A whole …more In the hardcover edition, the speech is broken into snippets of about three or four lines and a whole page is dedicated to a single snippet. A whole lot of blank space. That is why. What age would be appropriate for someone to start reading this book? Allie DFW gave this speech for a crowd of graduating college seniors and their families.
Practically, I would say it's a family-friendly read as far as …more DFW gave this speech for a crowd of graduating college seniors and their families. Practically, I would say it's a family-friendly read as far as language, but the content, while overall pretty heartening, can be heavy. It has deep implications about the harsh tediums of adult life.
There are mentions of suicide, atheism, etc. These are all topics addressed by American high school English classes. Intellectually, DFW cuts no corners, but he was giving a speech, so I'm one for thinking this is a little more digestible than his other works. So: what age would be appropriate? I would say probably most high school students would be able to process the content of this speech.
But in my mind, unless they're more thoughtful than most they might not appreciate what DFW has to say about adult life until they go out and live it themselves. Hope that helps! See 2 questions about This Is Water…. Lists with This Book. Community Reviews. Showing Rating details. More filters. Sort order. Jul 31, Stephen M rated it it was amazing Shelves: tears-of-beautiful-laughter , idiot-heart. David Foster Wallace was a beautiful fucking person who said a lot of beautiful fucking things. View all 47 comments.
Aug 13, Nathan "N. This is Water , like The Communist Manifesto , is an unfortunate document. Both are occasional pieces written for a narrowly prescribed purpose. Both appear to be distillates of a much broader, systematic force of thinking.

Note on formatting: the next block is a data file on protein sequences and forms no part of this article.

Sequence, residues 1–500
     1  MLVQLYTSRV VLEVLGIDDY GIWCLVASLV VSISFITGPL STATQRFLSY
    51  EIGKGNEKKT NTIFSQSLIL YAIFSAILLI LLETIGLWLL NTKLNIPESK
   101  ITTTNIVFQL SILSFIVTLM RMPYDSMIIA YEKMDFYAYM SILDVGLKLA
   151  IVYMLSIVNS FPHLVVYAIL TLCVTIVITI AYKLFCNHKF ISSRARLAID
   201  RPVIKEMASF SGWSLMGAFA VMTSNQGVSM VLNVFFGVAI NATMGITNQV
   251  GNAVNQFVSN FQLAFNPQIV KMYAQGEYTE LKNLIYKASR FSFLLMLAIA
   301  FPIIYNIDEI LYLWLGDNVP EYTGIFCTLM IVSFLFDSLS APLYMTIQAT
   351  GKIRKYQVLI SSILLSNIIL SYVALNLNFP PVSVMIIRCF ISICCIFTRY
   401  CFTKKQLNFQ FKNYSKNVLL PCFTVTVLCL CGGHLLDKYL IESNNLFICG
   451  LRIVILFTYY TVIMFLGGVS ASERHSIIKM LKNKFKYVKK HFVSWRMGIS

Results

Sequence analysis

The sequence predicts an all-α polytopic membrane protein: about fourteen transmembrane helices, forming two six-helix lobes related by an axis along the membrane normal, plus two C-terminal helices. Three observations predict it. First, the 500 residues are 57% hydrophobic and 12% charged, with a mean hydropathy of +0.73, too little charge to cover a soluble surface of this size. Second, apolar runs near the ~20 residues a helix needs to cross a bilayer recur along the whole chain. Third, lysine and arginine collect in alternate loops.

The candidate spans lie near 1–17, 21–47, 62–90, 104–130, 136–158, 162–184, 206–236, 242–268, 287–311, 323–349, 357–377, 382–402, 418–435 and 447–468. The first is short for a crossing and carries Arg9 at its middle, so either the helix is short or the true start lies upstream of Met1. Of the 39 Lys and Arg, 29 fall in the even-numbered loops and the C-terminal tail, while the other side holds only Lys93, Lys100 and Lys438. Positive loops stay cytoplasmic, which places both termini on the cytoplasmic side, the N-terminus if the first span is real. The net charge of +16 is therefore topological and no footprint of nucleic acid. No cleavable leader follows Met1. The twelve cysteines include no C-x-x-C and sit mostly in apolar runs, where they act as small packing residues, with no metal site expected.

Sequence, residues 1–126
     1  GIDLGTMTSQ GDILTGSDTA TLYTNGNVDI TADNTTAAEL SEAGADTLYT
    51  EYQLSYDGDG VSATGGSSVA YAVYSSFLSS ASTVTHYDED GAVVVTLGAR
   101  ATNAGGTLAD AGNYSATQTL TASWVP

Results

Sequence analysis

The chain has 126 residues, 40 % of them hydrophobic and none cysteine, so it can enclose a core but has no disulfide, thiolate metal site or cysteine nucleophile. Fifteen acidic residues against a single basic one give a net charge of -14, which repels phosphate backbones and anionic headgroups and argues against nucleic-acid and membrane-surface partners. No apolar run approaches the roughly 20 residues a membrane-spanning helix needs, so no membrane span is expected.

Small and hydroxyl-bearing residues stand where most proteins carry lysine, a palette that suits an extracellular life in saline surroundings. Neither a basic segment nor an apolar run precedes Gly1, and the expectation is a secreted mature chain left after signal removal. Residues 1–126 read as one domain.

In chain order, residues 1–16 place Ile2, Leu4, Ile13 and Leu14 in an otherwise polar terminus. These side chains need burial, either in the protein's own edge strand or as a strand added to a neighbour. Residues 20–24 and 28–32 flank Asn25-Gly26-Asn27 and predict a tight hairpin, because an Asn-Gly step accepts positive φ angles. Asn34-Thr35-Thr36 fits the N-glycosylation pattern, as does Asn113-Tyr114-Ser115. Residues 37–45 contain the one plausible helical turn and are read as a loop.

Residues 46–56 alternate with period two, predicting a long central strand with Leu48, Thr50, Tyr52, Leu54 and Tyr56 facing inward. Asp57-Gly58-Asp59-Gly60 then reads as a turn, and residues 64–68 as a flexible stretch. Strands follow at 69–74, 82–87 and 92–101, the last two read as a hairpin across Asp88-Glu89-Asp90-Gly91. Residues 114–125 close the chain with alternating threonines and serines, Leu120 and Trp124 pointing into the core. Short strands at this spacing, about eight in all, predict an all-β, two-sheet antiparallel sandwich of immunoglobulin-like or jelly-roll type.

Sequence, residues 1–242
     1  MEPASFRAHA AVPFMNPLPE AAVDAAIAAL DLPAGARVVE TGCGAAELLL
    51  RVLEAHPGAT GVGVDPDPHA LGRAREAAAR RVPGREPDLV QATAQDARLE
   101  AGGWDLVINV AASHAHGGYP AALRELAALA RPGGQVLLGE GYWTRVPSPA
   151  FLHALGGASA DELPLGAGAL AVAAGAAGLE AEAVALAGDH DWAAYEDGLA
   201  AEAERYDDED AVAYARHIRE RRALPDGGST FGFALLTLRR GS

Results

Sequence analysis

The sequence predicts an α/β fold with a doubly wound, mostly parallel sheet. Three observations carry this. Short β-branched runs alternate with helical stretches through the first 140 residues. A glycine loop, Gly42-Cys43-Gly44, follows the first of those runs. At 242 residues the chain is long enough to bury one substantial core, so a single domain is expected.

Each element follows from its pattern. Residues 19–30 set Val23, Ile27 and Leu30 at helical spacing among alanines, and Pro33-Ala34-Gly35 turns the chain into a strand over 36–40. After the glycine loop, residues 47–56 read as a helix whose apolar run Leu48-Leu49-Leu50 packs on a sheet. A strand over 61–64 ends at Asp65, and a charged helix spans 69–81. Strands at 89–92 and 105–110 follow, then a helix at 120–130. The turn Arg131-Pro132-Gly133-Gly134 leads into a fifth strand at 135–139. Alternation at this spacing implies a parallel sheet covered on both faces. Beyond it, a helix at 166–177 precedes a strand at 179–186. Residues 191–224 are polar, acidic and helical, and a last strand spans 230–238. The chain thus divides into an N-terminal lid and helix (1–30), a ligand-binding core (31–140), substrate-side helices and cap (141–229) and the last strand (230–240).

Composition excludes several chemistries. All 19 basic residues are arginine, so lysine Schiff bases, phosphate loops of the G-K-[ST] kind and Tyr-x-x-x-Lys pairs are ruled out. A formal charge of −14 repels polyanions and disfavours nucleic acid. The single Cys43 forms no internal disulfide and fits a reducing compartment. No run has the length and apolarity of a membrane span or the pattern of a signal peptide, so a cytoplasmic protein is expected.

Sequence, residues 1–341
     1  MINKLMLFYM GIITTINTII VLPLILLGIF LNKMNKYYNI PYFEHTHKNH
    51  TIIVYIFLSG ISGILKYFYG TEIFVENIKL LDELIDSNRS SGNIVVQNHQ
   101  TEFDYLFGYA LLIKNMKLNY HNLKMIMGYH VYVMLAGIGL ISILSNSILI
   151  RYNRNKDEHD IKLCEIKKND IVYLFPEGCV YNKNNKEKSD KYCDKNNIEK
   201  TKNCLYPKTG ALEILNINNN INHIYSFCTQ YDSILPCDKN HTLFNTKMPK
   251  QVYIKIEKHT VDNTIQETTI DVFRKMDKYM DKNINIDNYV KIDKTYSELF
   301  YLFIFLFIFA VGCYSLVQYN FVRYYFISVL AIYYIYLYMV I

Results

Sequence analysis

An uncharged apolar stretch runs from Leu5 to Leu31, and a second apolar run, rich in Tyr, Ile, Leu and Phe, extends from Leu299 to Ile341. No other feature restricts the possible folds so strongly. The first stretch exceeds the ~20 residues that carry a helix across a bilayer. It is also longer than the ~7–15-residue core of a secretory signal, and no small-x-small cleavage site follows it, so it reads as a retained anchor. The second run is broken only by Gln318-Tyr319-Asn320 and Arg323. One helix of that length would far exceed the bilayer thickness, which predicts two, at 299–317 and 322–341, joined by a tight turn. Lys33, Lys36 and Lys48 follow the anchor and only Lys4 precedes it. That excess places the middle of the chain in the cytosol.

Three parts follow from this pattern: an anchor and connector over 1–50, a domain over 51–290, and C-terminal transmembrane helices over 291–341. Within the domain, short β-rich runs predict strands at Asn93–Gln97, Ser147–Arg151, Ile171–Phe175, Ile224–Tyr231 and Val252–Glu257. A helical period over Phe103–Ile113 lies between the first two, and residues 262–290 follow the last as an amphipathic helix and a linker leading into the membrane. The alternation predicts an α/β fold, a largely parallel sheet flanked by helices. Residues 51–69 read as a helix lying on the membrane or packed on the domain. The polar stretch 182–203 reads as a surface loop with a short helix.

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Both are of a genre which have very tight constraints--the commencement speech and the manifesto--which dictate and limit the possibilities for both form and content. Both are widely read by those not familiar with that systematic thought. By not taking into account the genre o This is Water , like The Communist Manifesto , is an unfortunate document. By not taking into account the genre of each or the larger body of work of which each appears to be a precis, both are broadly wrongly evaluated.
The commencement address, as a genre, is perhaps the most kitschy of our literary genres. The genre is a perfect opportunity for DFW to exercise his project of overcoming and moving out from and beyond irony to a second naivete of a direct, sincere, unselfconscious mode of communication. But, as the AA material in Infinite Jest demonstrates, indulging that irony can be deadly. The alternative is to embrace the banal platitude, something for which commencement speeches are designed.
That may sound like hyperbole, or abstract nonsense. Few commencement addresses are remembered, preserved, or subsequently published. To my mind, only Vonnegut has produced a piece as successful within the constraints of the genre. Thus, despite all of our literary puritanism, our anti-market sympathies, it seems appropriate that the Kenyon Commencement Address, a document born as a kitschy occasional piece, would come to be marketed as a kitschy cash-register gift book.
This is only appropriate. Transcript can be found here. Water - Now I love that metaphor. I end up addressing many things and their traits and their progresses and their declines through this unbound source of immense satiation. Ah well, the thoughts weaved into this beautiful message says it all. For a text that I ended up highlighting half of, I would like to take this particular insight with me, forever.